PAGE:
Mozilla's next target: fixing web payments

Martin Brinkmann
Apr 7, 2013

Internet users have a couple of options when it comes to making payments on today's Internet. They can pay by credit card, use a payment processing system like PayPal or Google Checkout, or pay the individual or company by transferring money the conventional way via bank transfers or other means.

The current system is problematic for users for several reasons. First, users can only select between a couple of payment methods that the services or shopping websites have implemented. What one site may accept may not be accepted by others, and if you happen to be in the wrong country, you may not even be able to use a particular payment option at all.

For direct payments via credit cards, the full credit card number, verification code and expiration date need to be entered and transferred to the company selling you a service or product. While you may trust Amazon or Newegg with those information, you may prefer other options when it comes to smaller stores that you may not have used or even heard about before.

Merchants on the other hand have to implement and maintain payment processing options on their websites which often involves fees that need to be paid, and limitations. The products a site is offering may disqualify it from using particular payment processors.

Payment processors that mitigate some of these issues, PayPal for instance, are not really the solution either as they do not integrate well into web services. If you select PayPal as your payment option, you are redirected to the PayPal website where you need to confirm the payment before you are taken back to the merchant's site.

Mozilla wants to fix web payments, and a first step towards that goal is the implementation of the new JavaScript API navigator.mozPay() in Firefox OS that enables web apps to accept payments. You are probably wondering how this differs from current payment options on the Internet.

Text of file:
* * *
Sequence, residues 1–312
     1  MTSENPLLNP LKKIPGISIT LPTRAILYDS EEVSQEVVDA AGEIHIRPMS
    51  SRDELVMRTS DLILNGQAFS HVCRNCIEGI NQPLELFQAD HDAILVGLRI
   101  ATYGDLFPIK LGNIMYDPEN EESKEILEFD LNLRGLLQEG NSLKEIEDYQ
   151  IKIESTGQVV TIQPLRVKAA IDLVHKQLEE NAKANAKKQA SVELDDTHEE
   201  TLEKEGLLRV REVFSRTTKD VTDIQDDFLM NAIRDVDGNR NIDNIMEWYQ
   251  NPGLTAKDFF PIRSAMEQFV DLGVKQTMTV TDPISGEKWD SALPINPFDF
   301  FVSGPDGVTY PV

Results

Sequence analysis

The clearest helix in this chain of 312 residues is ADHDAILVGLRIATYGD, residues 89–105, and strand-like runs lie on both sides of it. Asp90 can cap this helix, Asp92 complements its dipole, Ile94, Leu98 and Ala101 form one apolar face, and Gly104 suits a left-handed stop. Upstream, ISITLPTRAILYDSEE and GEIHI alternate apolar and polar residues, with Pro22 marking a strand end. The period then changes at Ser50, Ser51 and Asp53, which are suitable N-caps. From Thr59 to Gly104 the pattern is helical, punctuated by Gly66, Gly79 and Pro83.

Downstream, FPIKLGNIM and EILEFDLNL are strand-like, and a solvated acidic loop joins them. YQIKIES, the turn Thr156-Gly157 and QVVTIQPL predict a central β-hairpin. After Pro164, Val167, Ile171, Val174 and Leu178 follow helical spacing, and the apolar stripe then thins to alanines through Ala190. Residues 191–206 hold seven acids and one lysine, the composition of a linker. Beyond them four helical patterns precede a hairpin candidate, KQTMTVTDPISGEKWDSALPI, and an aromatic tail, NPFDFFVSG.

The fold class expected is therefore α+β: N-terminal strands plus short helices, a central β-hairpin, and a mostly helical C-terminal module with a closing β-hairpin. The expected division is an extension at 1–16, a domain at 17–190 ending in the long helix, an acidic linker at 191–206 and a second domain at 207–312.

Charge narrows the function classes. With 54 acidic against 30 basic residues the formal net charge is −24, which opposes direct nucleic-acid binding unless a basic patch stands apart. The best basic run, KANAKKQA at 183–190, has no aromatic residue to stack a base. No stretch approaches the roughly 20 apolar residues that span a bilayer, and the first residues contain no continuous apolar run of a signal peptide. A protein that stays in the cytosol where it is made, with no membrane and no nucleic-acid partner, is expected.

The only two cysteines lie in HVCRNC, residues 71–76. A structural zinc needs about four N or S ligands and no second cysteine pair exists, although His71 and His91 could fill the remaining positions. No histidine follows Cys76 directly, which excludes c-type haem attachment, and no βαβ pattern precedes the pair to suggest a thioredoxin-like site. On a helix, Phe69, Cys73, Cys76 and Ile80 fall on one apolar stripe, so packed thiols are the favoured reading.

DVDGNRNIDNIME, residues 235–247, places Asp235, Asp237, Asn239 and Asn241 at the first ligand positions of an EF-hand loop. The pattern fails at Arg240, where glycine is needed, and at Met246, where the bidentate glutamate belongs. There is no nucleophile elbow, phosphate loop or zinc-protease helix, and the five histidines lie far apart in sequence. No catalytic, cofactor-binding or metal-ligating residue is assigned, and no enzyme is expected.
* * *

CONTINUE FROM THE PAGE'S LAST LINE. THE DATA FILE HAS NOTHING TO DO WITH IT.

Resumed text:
The core idea here is to provide a decentralized platform for merchants and users alike to make payments "easy and secure on web devices" but still as flexible as the "checkout buttons for merchants".

navigator.mozPay() is a JavaScript API inspired by but modified for things like multiple payment providers and carrier billing. When a web app invokes navigator.mozPay() in Firefox OS, the device shows a secure window with a concise UI. After authenticating, the user can easily charge the payment to her mobile carrier bill or credit card. When completed, the app delivers the product. Repeat purchases are quick and easy.

The blog article indicates that there is still lots of work to be done. It is an experimental API for now, but Mozilla plans to work with other companies through the W3C to create a common API that supports web payments. Mozilla intends to integrate the API into Firefox for Android and the desktop Firefox versions as well.


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  1. john clas said on April 8, 2013 at 8:44 am

    it seems strange that the platform chosen to make things safe is
    java. from all the news over the past month or two, java cant be
    made safe and even the government is saying to shut it off.

    1. Martin Brinkmann said on April 8, 2013 at 9:09 am

      John it’s JavaScript, not Java. The two are different technologies.

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